To the Other Side
You can get sick to your stomach sailing across the Gulf Stream from South Florida to the Bahamas. I remember throwing up at the leeward rail one night about 25 years ago when we were headed from Miami to Nassau. We were reaching in a building northerly while being set north at four knots, and it was bumpy. Luckily, I got to steer soon thereafter, and my stomach calmed down. When morning came, the waves were more regular; we'd crossed to the Bahamas, and I was ready for breakfast.
Yes, the Gulf Stream is a force of nature deserving plenty of respect as you prepare to navigate to the Bahamas. But if your boat is in good shape, you're well rested, and you pick a decent weather window, you can cross over in less than a day and drop right into the cruising lifestyle. One day you're tied to a marina dock amid the broadband din of life in South Florida, and the next you've cut the cord and you're free to steer for one of several hundred nearby island destinations.
Imagine what that would be like: Your anchor is deep in the white Bahamian sand as you snorkel by to take in yet another spectacular coral reef. There, below the surface, a colorful plant and animal kingdom unfolds, and there isn't a sound louder than your breathing. Dinner could be at hand, too. What were you planning to do this winter?
Sail, ship, or trailer your boat to Florida this fall. Cross the Stream after Thanksgiving, then disappear into an island paradise until you turn up in Fort Lauderdale next May. Trailerable cruisers can make the trip. So can deeper-draft cruisers. The Bahamas are literally in our backyard.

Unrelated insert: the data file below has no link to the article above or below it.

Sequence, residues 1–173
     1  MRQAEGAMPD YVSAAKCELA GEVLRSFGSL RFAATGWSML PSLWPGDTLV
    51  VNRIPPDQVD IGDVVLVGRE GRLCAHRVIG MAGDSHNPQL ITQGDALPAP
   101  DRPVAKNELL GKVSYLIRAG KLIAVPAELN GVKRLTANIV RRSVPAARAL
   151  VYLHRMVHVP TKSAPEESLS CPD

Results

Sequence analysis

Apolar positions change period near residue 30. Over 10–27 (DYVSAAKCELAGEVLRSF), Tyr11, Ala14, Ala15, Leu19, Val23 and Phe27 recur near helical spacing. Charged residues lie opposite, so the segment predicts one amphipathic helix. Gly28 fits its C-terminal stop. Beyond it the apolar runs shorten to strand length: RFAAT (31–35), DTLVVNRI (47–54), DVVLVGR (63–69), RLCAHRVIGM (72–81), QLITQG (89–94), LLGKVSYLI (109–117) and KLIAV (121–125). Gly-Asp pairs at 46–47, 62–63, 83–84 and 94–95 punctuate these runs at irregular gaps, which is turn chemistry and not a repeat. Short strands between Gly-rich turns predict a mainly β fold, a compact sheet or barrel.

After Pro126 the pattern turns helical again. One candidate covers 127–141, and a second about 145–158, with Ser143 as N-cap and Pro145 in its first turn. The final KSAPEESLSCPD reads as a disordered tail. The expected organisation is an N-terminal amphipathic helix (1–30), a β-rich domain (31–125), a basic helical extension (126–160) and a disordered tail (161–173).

This month's special section and accompanying articles on the Bahamas are loaded with good reasons to put such a plan into action. Ilana Stern, a veteran of four Bahamian cruises, paints the broad picture, whets your appetite, and provides lots of practical information as well, including a separate article on what to expect for weather. Steve Pavlidis, the author of three guides to the Bahamas, leads you through the best stops in the three main island chains, adds dozens of other tips, and, in an extra story, explains Bahamian mooring technique. Then, in this month's Passage Notes, columnist Melanie Neale, who grew up cruising in the Bahamas, collaborates with Dan Roblee to profile several Bahamas-bound cruising families like you.
Together these authors present a well-rounded picture of what your cruise to these beautiful islands could be. They don't pretend that such places as Nassau aren't fully developed and that George-Town doesn't have a big pack of other cruisers hanging out there in season, but they also remind you how the busy places, for a change of pace, can be fun spots to resupply and make friends. And then they point out over and over again how much more there is to discover in these islands.
Maybe you'll never sail to the South Pacific. But if you can take a relatively brief amount of time to cover a relatively short distance, the Bahamas are within your grasp. Even if you can't get your boat to Florida and across the Gulf Stream this year, you can start making a plan. The Bahamas are so close, yet once you get there, you've gone so far.